Nonverbal communication, cognitive, and language development in cocaine-exposed infants
Date of Award
Doctor of Philosophy (Ph.D.)
First Committee Member
Peter C. Mundy, Committee Chair
The present study examined the developmental relations between early nonverbal communication skills and later cognitive and language outcome in prenatally cocaine-exposed infants (n = 81). Correlational analyses revealed a positive association between ability to follow the line of regard of a social partner (i.e., responding to joint attention or RJA) at 18 months and cognitive and language outcome at 36 months. Additionally, they revealed a surprising finding such that the tendency to initiate joint attention (IJA) with a social partner at 12 months was negatively associated with cognitive outcome at 36 months. Follow-up hierarchical regression analyses indicated that both IJA at 12 months and RJA at 18 months provided incremental validity in the prediction of cognitive outcome at 36 months, above and beyond birthweight, educational intervention, and cognitive status at 18 months. Additionally, discriminant function analyses were conducted using IJA at 12 months, RJA at 18 months, and cognitive status at 18 months to classify infants into delayed versus normative cognitive groups at 36 months. The results of these analyses indicated correct classification of 91% of the delayed infants and 83% of the normative infants at 36 months. Results of this study suggest that measures of infant joint attention, when combined with an assemblage of other assessment measures, may be utilized to provide unique, and clinically significant, information in the prediction of cognitive outcome in at-risk infants.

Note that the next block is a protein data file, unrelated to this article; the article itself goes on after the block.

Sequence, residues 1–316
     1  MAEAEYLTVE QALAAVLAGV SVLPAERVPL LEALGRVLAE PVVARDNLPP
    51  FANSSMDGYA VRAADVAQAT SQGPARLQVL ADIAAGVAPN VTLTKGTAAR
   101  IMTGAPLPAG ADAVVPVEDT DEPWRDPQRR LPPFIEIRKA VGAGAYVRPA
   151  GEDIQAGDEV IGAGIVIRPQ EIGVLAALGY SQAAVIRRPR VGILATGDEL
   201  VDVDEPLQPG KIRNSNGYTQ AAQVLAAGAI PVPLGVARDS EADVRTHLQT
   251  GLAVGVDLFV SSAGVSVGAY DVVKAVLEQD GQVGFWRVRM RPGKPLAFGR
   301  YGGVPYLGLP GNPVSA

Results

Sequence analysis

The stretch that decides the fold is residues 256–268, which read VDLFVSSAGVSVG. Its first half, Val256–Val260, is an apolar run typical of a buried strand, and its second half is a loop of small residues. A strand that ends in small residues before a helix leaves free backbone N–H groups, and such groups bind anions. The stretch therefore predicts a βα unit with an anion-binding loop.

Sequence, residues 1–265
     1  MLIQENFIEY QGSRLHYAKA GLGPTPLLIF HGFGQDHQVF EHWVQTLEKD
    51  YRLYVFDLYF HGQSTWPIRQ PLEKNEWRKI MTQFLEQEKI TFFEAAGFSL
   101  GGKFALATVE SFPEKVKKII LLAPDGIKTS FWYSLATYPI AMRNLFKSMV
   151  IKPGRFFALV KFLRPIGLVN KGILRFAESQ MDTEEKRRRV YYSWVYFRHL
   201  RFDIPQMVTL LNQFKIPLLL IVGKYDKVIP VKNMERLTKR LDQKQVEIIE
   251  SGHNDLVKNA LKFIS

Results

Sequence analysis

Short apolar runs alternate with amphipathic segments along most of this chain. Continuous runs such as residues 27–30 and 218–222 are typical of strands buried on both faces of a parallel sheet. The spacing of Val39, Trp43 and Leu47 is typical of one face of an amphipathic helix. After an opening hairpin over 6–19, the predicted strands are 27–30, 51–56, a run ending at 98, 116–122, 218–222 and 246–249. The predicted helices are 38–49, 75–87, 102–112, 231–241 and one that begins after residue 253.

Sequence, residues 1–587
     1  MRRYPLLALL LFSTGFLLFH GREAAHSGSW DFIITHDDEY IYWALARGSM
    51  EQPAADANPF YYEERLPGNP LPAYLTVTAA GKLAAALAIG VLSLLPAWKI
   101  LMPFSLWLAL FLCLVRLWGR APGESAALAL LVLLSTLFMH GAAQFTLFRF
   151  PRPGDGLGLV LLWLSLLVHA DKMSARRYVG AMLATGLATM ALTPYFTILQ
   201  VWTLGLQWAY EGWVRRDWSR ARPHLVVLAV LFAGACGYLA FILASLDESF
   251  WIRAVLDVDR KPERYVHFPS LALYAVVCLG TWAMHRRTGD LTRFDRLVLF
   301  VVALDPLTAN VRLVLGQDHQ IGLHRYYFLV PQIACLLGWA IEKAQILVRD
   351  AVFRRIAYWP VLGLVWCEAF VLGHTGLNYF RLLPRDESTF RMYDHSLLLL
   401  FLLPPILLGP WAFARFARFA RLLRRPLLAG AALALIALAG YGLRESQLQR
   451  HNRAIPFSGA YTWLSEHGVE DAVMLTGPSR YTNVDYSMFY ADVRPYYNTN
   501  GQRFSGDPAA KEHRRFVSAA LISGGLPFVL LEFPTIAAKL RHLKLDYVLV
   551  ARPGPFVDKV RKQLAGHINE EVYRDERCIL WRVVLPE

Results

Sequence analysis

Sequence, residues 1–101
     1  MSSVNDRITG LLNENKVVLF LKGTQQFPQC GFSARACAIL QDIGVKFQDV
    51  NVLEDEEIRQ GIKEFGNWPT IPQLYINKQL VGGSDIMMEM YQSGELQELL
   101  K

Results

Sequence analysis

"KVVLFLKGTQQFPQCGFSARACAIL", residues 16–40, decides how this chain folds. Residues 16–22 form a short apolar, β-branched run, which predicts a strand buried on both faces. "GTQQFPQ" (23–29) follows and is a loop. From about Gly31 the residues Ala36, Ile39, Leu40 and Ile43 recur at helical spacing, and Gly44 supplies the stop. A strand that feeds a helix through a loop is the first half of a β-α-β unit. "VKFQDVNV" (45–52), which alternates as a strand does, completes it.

Language, Linguistics; Psychology, Developmental; Psychology, Clinical
Neal, A Rebecca, "Nonverbal communication, cognitive, and language development in cocaine-exposed infants" (2002). Dissertations from ProQuest. 1892.